Lynyrd Skynyrd: Remembering the Free Birds of Southern RockLynyrd Skynyrd: Remembering the Free Birds of Southern Rock
Reviewed by Margaret Moser, Fri., Nov. 15, 2002
Lynyrd Skynyrd: Remembering the Free Birds of Southern Rockby Gene Odom with Frank Dorman
Broadway Books, $22.95, 221 pp.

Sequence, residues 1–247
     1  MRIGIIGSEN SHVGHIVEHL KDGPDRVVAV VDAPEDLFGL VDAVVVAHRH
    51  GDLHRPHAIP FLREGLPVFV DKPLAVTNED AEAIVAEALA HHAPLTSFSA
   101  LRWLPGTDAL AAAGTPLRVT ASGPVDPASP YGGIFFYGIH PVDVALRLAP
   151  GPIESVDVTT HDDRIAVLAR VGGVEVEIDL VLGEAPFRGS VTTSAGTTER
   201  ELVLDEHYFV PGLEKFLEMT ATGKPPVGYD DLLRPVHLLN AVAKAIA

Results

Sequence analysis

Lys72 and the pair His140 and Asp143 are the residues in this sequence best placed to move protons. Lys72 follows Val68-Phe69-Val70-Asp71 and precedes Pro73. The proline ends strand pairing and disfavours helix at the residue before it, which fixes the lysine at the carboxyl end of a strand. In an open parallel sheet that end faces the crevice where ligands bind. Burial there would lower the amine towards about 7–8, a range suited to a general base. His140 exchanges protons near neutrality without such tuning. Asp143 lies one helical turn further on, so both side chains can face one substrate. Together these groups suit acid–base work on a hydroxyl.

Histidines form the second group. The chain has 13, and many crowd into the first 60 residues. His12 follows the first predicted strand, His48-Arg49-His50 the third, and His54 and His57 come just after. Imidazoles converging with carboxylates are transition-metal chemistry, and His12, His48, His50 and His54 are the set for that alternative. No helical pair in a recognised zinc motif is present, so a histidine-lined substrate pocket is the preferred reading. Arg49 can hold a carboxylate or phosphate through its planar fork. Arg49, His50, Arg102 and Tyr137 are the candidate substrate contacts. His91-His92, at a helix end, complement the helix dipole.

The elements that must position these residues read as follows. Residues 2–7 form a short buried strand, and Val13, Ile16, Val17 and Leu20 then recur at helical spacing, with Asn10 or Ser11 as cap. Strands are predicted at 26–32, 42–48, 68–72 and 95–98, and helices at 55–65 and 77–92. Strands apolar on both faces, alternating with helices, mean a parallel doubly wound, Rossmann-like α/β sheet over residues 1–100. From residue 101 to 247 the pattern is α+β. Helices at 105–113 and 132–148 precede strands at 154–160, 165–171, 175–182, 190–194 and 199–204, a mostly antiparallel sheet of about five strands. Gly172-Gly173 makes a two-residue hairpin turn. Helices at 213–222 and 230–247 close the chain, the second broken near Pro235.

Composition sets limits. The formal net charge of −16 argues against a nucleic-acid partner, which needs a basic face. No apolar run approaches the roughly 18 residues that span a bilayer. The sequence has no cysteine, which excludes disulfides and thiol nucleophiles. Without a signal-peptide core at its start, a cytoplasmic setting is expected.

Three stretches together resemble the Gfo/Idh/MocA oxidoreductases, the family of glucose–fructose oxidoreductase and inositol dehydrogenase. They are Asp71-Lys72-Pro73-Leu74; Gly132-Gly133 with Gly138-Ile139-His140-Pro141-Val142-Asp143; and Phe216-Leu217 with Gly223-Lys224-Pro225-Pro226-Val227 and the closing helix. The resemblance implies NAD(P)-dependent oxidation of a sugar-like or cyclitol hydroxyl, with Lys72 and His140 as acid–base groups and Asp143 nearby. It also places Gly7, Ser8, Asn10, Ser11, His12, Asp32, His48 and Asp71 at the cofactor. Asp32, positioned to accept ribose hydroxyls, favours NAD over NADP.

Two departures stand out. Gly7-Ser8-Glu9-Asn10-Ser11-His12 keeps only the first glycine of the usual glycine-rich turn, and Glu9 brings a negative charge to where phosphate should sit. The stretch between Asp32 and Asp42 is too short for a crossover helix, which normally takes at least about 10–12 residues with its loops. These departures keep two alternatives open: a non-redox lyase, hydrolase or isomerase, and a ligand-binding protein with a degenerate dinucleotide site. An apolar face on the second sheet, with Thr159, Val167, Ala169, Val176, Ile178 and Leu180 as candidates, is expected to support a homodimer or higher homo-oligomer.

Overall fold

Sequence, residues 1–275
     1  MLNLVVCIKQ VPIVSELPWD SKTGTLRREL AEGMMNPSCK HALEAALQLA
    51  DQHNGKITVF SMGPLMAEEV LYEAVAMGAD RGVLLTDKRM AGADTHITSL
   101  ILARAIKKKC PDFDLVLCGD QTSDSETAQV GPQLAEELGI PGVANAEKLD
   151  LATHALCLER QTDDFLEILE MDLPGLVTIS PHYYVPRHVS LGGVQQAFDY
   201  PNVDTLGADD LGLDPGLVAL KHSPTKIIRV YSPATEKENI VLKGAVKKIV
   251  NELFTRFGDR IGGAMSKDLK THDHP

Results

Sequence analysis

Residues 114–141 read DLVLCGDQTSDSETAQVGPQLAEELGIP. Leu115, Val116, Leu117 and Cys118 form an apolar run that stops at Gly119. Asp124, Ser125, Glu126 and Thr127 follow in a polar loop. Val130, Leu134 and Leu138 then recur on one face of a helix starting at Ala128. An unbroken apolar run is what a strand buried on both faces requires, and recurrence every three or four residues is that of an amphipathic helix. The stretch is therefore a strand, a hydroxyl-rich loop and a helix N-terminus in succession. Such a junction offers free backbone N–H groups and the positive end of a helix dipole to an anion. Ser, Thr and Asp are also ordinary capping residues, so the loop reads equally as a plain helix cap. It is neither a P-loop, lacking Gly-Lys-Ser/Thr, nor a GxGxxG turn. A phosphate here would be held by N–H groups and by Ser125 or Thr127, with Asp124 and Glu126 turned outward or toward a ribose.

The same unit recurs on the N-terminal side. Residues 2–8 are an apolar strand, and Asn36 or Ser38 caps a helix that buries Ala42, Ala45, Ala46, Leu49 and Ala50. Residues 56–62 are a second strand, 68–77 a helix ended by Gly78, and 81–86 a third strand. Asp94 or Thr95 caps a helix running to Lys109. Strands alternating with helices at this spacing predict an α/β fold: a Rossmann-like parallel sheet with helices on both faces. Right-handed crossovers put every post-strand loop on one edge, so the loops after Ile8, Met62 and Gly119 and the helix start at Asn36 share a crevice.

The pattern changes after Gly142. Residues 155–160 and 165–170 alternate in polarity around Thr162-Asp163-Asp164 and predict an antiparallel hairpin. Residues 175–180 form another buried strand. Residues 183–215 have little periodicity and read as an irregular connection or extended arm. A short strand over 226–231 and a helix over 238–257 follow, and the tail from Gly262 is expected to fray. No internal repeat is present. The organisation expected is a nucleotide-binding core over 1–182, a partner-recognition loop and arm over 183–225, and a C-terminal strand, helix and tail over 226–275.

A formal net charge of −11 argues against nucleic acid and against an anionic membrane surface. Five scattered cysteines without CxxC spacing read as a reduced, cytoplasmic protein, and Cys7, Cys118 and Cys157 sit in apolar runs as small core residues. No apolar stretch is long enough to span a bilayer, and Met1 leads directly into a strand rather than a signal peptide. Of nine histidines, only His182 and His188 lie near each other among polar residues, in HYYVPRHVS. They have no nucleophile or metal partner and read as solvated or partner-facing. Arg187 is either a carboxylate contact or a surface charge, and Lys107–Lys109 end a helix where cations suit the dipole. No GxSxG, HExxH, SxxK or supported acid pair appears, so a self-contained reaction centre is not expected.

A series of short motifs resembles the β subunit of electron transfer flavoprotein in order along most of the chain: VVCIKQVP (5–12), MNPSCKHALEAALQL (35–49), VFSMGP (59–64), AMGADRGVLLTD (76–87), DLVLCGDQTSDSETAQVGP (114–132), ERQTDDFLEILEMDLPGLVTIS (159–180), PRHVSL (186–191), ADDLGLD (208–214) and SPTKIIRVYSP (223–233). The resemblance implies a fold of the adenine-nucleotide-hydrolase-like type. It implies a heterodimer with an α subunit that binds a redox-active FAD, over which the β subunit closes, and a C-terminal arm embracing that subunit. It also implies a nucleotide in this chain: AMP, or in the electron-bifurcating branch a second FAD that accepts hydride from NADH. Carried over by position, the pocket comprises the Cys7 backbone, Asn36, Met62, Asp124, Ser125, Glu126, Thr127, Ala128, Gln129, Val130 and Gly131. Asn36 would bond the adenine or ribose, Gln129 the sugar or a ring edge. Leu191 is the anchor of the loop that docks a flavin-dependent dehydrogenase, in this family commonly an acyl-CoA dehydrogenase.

On Nov. 28, 1976, Lynyrd Skynyrd rocked Austin's Armadillo World Headquarters as few bands ever did. Storming the sold-out hall like redneck rebels, the South rose again with anthems like "Sweet Home Alabama," "Tuesday's Gone," and naturally, "Freebird." Less than a year later, the band was history, four of its members and crew dead, and the rest injured in a plane crash in the Mississippi swamps. Lynyrd Skynyrd opens with Gene Odom's harrowing, first-person account of the hellish accident. He then recalls growing up with founder/vocalist Ronnie Van Zant and working for the band as they chased fame. He paints Van Zant as a rooster of a frontman, short and stocky with a cock-of-the-walk attitude that swelled when he took the microphone. The band's prodigious drug and alcohol consumption, and Van Zant's propensity for rowdiness? Products of the era. The Jacksonville, Fla., swampers were unique, however, melding Allman Brothers' bluesy soul with a metal whammy, and blue-collar choruses of faithless women, bad luck, and hard livin'. Odom's strength as a storyteller lies in having been there, so it's hardly an unbiased account. But his insight into the relationships between band members and the sad fate of the survivors (two have died since) is told with empathy and humor (including interviewing the real Leonard Skinner). It's a quick read, which almost makes up for sloppy proofing (Stevie Ray "Vaughn") and misspelling the author's name in photo captions. Lynyrd Skynyrd was as much a symbol and product of the South as the rebel flag that was their backdrop. The South gave us Lynyrd Skynyrd and, in the end, the South took them away.